(I’ve written more on our culture’s love-hate relationship towards being a stay-at-home mom elsewhere.)

Maybe my antipathy towards Mother’s Day is connected to the high regard I have personally experienced towards mothers and motherhood in my community. I feel like my choice to become a mother and stay home has been generally lauded and celebrated. I feel respected and valued by my husband, my extended family, and my church community.  In fact, I feel damn lucky to have been able to have this miraculous experience. Pregnancy, birth, motherhood? All incredible privileges. I don’t need a special day to exchange flowers, smiles, and saccharine cards and with other women who have been blessed with children.

Who is a Mother?

The other objection I have to Mother’s Day is the somewhat arbitrary demarcation between who is in and who is out.

Now that I am “officially” a mother, I can look back and see that I didn’t become a mother when I gave birth to my baby. I didn’t even become a mother when I got pregnant.

I believe my gradual metamorphosis into a mother began the day I fell in love with a child.

See, I was regularly caring for a friend’s child at the same that I was first toying with the idea of starting a family. (I didn’t know at that point how much trouble I would have with the first step, i.e. getting pregnant). I had never been especially fond of children.

I enjoyed the babysitting job, but it wasn’t anything magical. But one day, something crazy happened: the little boy leaned on me affectionately and I had the overwhelming urge to kiss him. And I exploded into tears.

Without meaning to, I had become a mother.

That’s why I found it so painful in future years when Mother’s Day passed and my arms were empty: just because my ovaries weren’t working quite right, I could not be acknowledged as a nurturer of children.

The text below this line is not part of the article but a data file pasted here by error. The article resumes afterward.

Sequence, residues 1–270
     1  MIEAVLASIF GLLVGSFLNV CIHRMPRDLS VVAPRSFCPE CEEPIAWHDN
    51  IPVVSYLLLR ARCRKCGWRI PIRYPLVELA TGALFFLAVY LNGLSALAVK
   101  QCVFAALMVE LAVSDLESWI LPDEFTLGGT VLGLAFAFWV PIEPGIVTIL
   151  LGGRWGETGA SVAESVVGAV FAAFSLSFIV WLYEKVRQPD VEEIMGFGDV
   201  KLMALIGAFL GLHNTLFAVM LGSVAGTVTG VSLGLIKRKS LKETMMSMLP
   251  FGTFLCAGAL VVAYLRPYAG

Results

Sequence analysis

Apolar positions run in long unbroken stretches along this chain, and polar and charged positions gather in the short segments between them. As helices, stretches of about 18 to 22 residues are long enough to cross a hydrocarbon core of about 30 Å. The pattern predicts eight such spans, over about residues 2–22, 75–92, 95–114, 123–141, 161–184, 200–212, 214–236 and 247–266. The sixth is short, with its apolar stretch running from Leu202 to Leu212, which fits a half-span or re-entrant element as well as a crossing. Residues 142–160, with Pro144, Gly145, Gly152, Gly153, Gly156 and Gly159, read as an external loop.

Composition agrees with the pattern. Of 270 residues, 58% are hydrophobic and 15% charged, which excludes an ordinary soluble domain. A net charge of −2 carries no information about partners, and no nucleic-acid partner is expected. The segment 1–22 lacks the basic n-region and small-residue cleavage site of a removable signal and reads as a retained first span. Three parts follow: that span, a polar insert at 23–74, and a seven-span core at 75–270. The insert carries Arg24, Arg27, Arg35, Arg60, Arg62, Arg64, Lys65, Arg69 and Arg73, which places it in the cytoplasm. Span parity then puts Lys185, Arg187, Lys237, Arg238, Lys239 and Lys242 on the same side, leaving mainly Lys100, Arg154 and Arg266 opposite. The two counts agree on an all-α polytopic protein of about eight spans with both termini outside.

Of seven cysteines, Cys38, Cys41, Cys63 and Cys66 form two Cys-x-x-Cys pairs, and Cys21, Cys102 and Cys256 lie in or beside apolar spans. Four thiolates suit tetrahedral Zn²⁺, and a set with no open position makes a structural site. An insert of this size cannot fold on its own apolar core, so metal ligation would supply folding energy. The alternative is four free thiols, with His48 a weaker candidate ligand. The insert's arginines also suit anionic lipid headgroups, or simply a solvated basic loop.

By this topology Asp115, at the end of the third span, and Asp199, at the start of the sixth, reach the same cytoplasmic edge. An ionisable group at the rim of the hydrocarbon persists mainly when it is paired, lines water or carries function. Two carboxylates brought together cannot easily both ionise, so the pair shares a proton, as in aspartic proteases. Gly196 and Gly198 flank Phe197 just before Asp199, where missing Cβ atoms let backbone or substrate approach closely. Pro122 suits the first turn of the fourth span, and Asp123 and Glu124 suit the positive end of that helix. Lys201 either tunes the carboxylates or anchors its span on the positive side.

And that’s why I continue to insist: if you’re a woman with a love for children, YOU ARE A MOTHER. Even if you’ve never been pregnant or given birth.

That’s why I continue to insist: if we’re going to set aside a day to celebrate mothers, this day is also for those women who are nurturing children in any capacity.

Those who are seeking fertility treatments. Those who are working to improve their health and learning about their bodies in the hopes of conceiving. Those who are seeking adoptions. Those who care for their nieces and nephews and students and youth groups. Those who babysit and nanny with love and affection.

All of these women are mothering children, either future or existing.

From one mother to another, I insist that if we’re going to go around congratulating women for bringing forth children, you women who care for other people’s children or wait patiently for your own deserve recognition as well. You might be doing the hardest work of all.

Imagining a Mother’s Love

Last thing. There was a lot of stuff going around in the comments of my post last year along the lines of, “You just can’t imagine the love you have for your own children until you’ve had them.”

First, I feel these commenters underestimate my imagination. How do they know what I’m capable of imagining? I’m a writer. It’s my job to imagine feelings and experiences.

And second, I’m not sure they were right. I wasn’t able to imagine the specifics of how I’d feel towards my actual child, of course — I’m not clairvoyant — but I think I had a pretty good idea.

I had to spend two years of my life waiting and imagining what it would feel like to have a child of my own. And I’ve spent the last nine months saying, “Yep. This is about right. This is sooooo right.”

Mother’s Day and Me

I’m going to keep celebrating my own mothers (i.e. mom and mom-in-law) on Mother’s Day because I know it’s meaningful to them. But I don’t think I want to be a part of it in any other way, except to take the hands my sisters who feel like not-quite-mothers and to tell them, “You’re one of us. Thanks for being you.